© 2009 by Nova Science Publishers, Inc. All rights reserved. Recently, metamaterials technology has emerged as a novel approach for the design of radiofrequency and microwave components and circuits. Metamaterials are artificial materials, made of small size inclusions (or "atoms"), whose electromagnetic properties can be tailored to some extent, and rather than depending on the composition, these properties depend on the arrangement of the constitutive elements. Thus, for instance, it is possible to synthesize artificial media exhibiting a negative effective magnetic permeability and dielectric permittivity with non-magnetic metallic particles etched on a dielectric slab. Media with such properties (negative permeability and permittivity) are not present among natural materials. These controllable properties can be achieved by designing the structures with electrically small inclusions, so that effective media properties are obtained. Metamaterials are of interest in many areas. For instance, it has been recently demonstrated the possibility of implementing invisible cloaks for microwave radiation. However, one of the main areas where metamaterials are of major interest is in RF/microwave engineering. The small size of the unit cells and the controllable properties, are very interesting for the design of planar components with small dimensions and high performance. Also, it is possible to design devices based on new functionalities, multiband components and circuits with enhanced operative bandwidths. These metamaterial based design techniques can be applied in a wide range of frequencies, from RF up to millimetre wave circuits. Several prototype devices (filters, diplexers, power dividers, couplers, and reconfigurable components) in planar technology, illustrative of the possibilities of the approach, will be presented. This will include realizations in PCB and also in advance microelectronics technologies, such as RF-MEMS and MCM-D technologies.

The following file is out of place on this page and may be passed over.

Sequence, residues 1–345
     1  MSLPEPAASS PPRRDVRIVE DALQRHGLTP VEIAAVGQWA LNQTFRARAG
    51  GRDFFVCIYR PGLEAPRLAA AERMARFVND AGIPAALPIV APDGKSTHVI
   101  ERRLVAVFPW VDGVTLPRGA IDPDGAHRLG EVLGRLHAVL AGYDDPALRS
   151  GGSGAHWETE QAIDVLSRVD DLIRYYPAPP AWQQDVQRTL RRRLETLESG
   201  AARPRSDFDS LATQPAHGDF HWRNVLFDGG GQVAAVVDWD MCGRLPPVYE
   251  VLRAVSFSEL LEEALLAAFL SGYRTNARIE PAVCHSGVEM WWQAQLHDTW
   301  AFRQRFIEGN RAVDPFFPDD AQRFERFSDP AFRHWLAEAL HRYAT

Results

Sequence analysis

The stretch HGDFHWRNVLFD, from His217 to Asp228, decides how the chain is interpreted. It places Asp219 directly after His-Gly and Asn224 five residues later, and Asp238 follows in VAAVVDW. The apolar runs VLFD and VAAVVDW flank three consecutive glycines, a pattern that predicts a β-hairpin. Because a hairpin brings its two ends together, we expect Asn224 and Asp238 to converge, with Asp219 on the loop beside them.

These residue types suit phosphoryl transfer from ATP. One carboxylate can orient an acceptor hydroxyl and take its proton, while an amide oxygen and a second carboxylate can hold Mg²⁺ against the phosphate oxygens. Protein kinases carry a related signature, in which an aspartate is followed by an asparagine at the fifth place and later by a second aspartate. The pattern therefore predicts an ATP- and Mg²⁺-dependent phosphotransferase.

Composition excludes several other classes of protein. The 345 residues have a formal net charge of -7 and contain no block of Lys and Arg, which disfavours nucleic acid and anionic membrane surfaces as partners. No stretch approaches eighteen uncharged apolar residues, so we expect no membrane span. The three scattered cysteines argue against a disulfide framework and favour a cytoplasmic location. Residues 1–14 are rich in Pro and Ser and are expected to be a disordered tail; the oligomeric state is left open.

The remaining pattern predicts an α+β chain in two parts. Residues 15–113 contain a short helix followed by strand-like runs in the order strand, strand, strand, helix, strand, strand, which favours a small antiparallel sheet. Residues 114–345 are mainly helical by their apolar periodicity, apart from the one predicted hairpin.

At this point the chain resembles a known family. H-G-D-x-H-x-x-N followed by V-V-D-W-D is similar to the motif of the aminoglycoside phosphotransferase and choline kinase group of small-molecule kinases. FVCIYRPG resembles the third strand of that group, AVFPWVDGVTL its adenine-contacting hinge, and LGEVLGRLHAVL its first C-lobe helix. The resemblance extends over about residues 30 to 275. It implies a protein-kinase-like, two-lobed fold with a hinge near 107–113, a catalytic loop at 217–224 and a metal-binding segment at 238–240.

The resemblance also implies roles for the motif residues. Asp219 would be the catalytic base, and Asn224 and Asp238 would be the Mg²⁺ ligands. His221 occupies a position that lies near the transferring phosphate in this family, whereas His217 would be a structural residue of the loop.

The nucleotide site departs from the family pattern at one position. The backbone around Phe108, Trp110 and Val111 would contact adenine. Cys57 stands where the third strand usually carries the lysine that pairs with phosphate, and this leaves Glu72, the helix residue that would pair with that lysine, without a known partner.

|Title of host publication||Integrated Circuits, Photodiodes and Organic Field Effect Transistors|
|Place of Publication||Nova York (US)|
|Number of pages||41|
|Publication status||Published - 1 Jan 2009|